McKinsey says we don’t need to worry that AI, robots etc will create mass unemployment — there will be plenty of new work. The catch: not enough people will know how to do it.
By 2030, according to the a recent McKinsey Global Institute report, Jobs lost, jobs gained: Workforce transitions in a time of automation, as many as 375 million workers—or roughly 14 percent of the global workforce—may need to switch occupational categories as digitization, automation, and advances in artificial intelligence disrupt the world of work. The kinds of skills companies require will shift, with profound implications for the career paths individuals will need to pursue.
How big of a disruption are we talking here?
it’s akin to coping with the large-scale shift from agricultural work to manufacturing that occurred in the early 20th century in North America and Europe…. Those earlier workforce transformations took place over many decades, allowing older workers to retire and new entrants to the workforce to transition to the growing industries. But the speed of change today is potentially faster. The task confronting every economy, particularly advanced economies, will likely be to retrain and redeploy tens of millions of midcareer, middle-age workers. As the MGI report notes, “there are few precedents in which societies have successfully retrained such large numbers of people.”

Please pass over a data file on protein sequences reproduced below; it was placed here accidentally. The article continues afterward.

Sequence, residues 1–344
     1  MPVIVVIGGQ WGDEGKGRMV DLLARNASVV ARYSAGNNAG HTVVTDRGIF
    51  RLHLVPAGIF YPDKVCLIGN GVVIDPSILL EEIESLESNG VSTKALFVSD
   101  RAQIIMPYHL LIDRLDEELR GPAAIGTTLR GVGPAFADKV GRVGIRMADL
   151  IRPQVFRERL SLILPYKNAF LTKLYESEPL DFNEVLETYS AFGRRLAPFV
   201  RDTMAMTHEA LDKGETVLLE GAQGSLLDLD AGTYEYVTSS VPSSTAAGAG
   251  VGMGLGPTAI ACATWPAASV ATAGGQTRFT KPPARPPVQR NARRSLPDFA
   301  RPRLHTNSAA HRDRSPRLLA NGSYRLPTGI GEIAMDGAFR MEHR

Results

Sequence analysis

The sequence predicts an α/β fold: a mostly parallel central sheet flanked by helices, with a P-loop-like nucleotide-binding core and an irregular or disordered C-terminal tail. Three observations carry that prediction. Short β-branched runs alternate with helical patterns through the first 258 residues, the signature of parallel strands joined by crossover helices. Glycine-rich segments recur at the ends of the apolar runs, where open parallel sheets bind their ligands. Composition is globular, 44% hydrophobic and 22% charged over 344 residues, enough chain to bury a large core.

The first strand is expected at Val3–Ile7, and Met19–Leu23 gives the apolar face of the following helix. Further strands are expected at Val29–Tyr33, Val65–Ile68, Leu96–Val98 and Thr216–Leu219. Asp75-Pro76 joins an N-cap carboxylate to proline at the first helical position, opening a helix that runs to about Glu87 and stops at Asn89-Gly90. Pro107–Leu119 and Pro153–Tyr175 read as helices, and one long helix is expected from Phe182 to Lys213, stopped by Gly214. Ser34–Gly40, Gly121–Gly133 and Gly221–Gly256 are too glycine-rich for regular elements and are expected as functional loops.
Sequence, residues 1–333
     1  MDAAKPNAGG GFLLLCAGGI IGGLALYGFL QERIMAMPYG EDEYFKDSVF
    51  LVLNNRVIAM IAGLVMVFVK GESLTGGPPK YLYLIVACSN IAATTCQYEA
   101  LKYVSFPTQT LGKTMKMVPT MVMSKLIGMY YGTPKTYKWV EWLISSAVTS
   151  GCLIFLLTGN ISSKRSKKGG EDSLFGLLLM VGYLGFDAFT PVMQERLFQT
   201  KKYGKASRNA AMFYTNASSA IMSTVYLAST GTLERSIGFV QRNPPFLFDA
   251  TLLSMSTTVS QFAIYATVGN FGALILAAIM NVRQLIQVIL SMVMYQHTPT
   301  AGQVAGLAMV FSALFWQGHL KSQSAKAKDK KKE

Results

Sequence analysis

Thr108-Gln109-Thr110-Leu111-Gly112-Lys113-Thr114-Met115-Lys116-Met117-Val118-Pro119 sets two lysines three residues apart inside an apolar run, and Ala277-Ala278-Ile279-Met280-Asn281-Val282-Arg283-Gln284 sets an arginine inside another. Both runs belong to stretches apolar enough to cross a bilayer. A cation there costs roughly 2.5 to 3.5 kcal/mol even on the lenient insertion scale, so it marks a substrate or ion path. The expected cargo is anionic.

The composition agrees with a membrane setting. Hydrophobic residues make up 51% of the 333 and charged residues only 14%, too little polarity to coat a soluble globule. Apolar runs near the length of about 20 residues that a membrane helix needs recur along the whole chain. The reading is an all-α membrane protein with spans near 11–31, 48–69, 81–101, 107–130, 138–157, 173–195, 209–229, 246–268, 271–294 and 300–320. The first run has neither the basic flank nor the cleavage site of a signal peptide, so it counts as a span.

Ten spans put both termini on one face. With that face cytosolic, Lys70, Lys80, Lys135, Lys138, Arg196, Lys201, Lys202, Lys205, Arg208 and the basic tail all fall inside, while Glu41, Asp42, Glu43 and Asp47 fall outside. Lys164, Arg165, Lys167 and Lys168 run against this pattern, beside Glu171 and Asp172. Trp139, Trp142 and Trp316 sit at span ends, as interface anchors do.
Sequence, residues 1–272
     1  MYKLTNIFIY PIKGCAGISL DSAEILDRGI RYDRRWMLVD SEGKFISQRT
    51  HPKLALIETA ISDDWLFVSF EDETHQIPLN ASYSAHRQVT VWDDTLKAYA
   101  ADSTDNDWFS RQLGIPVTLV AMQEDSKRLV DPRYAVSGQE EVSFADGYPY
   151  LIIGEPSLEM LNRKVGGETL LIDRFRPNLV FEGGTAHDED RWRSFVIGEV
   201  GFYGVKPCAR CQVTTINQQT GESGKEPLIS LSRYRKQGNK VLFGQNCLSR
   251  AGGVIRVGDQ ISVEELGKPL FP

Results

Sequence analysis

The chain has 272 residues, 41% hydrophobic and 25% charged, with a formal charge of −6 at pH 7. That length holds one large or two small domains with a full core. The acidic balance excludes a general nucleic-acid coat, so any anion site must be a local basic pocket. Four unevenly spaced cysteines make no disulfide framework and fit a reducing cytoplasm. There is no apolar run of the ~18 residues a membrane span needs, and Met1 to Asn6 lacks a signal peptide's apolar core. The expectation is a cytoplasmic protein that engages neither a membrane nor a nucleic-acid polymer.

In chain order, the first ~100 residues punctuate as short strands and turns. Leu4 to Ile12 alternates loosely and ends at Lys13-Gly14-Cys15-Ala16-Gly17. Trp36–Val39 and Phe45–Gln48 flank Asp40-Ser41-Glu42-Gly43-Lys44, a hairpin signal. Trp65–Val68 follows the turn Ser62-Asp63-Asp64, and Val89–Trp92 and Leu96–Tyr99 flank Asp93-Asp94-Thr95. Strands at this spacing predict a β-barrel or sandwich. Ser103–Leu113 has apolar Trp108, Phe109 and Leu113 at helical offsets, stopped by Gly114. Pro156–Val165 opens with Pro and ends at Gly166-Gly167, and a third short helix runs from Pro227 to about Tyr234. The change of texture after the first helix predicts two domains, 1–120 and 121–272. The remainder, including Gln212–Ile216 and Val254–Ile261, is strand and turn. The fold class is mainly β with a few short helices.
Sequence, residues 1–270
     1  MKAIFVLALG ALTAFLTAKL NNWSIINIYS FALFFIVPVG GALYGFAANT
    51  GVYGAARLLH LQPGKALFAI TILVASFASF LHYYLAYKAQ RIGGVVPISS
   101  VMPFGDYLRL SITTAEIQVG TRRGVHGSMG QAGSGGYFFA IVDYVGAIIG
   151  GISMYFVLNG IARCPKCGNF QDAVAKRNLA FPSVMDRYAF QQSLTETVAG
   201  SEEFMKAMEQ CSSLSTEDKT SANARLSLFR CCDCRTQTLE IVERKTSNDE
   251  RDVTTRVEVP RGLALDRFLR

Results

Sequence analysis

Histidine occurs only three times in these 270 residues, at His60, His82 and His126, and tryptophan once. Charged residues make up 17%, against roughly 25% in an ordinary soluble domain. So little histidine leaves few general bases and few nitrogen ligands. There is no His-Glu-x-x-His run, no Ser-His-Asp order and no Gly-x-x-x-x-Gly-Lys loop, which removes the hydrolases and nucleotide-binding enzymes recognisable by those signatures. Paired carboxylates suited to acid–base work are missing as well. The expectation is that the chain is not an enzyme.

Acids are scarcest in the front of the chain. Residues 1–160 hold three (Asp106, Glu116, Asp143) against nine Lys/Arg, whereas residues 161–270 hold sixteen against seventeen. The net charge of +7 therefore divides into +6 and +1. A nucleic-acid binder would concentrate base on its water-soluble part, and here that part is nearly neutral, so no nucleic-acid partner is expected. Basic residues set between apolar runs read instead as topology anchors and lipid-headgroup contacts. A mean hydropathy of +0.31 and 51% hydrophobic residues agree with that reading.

And that was just one transition. As AI and robots keep getting better, even if there are enough new jobs to be had, it’s quite possible millions will go throgh this trauma over and over — assuming, of course, that this unprecedentedly massive retraining efforts can pull it off the first time.
Who’s going to pull off this moumental task? According to CEOs, not the government.
While they clearly do not expect to solve this alone—forging creative partnerships with a wide range of relevant players, for example, will be critical—by a nearly a 5:1 margin, the executives in our latest survey believe that corporations, not governments, educators, or individual workers, should take the lead in trying to close the looming skills gap. That’s the view of 64 percent of the private-sector executives in the United States who see this as a top-ten priority issue, and 59 percent in Europe.
But are they begnning to take actions anywhere near the scale needed to back up their beliefs? Not that I’ve seen. And they don’t think so either; only 16% said they felt very prepared to kick into gear.
Not to worry, says McKinsey.
But for now, we simply take comfort from the clear message of our latest survey: among large companies, senior executives see an urgent need to rethink and retool their role in helping workers develop the right skills for a rapidly changing economy—and their will to meet this challenge is strong. That’s not a bad place to start.
I feel so much better.